DP Arseni Khachaturan captures the blood-stained romance of Luca…
Production on Bones and All took place at multiple locations across several different US states, including Ohio, Indiana, Kentucky and Nebraska, between May and July 2021. Khachaturan had nine weeks of prep prior to the shoot, which included a lot of time spent on the road with Guadagnino and production designer Elliott Hostetter.
“I did a lot of the driving during our location scouts, many thousands of miles across state lines,” Khachaturan remembers. “I have been living in the US for over ten years now, and many of the places we visited have definitely not been seen or represented in films, photography or art in general. So it was very interesting for us to explore and absorb the changing nature and colors of the landscapes and to see how we could reflect those in the film.”
Aged 28 when he shot Bones and All, one might have expected Khachaturan to be an exemplar of all-things-digital, but he reveals a remarkable knowledge and experience of shooting on celluloid.
“Although I do shoot digital projects, most of the features I’ve shot so far have actually been on film, which is perhaps a little strange because nobody ever taught me directly how to do that,” he says.
“I moved to the States when I was 18. Rufus Burnham, at the Camera Division in Burbank, encouraged me to build and play around with the film cameras and lenses there, and I pretty much taught myself how to shoot tests, process the results and learn how to expose film negative correctly.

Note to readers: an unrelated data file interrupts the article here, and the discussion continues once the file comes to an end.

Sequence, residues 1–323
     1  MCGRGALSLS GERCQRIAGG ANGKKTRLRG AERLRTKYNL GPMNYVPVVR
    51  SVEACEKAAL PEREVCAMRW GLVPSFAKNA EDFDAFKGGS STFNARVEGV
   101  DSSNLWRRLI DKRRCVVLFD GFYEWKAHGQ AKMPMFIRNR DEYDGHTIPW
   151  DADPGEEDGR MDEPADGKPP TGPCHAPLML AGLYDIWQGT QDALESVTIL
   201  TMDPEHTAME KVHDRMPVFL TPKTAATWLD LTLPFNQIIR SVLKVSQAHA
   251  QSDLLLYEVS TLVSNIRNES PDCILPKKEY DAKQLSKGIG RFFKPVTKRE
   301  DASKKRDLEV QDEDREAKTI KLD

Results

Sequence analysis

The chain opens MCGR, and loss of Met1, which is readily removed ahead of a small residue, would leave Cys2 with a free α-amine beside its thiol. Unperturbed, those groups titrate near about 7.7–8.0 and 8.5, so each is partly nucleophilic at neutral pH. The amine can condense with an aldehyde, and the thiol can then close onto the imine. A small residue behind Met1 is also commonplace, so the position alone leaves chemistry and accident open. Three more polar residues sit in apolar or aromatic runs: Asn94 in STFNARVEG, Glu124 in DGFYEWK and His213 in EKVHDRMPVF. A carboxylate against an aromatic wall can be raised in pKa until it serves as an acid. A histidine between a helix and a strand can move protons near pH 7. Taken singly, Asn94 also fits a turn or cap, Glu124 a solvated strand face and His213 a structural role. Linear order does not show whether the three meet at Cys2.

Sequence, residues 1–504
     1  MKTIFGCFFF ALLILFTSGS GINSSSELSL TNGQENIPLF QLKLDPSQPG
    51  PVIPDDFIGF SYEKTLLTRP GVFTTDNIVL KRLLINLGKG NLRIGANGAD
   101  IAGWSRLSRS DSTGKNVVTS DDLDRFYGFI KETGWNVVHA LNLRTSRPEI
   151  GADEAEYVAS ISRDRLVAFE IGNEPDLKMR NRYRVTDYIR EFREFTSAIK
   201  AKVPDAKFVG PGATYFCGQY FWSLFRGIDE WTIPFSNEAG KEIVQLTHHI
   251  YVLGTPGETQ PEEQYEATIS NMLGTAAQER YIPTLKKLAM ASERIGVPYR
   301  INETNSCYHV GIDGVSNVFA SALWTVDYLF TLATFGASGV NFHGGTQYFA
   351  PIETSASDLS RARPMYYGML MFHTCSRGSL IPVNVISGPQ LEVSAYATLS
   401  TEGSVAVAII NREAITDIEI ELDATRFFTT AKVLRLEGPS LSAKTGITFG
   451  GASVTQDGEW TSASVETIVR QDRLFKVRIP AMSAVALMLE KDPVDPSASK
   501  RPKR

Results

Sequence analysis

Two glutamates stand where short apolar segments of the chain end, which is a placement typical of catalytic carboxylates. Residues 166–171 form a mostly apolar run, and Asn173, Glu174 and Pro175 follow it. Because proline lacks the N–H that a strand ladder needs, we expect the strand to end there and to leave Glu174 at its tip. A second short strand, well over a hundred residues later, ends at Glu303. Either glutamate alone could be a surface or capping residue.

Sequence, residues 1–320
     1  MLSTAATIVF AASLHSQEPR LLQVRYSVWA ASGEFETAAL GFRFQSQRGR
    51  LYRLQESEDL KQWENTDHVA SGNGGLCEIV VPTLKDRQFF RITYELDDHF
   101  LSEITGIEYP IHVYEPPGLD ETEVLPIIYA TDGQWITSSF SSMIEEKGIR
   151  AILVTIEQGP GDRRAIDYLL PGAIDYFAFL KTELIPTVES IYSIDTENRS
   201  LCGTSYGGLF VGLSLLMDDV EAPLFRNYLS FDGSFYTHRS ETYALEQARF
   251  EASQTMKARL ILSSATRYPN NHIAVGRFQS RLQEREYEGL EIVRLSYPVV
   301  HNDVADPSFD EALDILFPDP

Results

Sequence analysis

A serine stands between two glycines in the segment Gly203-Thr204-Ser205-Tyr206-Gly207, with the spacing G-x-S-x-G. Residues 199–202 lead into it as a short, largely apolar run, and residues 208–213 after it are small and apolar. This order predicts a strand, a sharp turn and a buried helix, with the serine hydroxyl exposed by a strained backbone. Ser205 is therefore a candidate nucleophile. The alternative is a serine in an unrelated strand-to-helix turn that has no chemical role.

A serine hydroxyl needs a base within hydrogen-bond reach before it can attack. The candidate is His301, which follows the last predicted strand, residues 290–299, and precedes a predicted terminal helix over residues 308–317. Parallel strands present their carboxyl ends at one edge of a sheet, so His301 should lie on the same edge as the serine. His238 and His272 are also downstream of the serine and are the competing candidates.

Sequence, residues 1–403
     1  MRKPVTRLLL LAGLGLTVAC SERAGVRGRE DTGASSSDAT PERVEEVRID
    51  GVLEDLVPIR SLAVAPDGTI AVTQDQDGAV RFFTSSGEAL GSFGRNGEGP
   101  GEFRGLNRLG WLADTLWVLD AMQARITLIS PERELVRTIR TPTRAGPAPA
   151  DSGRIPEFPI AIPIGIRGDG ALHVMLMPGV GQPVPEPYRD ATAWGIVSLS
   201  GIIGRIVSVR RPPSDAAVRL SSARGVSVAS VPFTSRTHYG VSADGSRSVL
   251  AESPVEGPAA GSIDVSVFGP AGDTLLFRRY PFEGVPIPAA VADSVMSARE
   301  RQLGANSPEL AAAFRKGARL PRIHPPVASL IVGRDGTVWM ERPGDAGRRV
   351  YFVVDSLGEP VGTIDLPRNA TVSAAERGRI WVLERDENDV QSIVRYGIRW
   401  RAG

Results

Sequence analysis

“I started to pick up fashion projects, music videos and commercials, shooting on 16mm, and then moved to New York, where I struck up a great relationship with Panavision, and started shooting shorts on film.
“I then went on to shoot Eyimofe (This Is My Desire) (2020 dirs. Arie and Chuko Esiri) in Nigeria on 16mm, followed by Beginning on 35mm. After Bones and All, I worked on The Idol series on 35mm for Sam Levinson, where we got through millions of feet of film stock.
“It made me very happy when Luca told me he wanted to shoot Bones and All on film, as it is such a unique and special medium. I think that, in relation to the tangible sensations in the narrative – the period setting and wardrobe, the romanticism of the love story, the faces and American landscapes, the physical acts of cannibalism, the vibrancy of being young, alive and present in-the-moment – film was the perfect choice. The result just would not have been the same if it had been shot digitally.”
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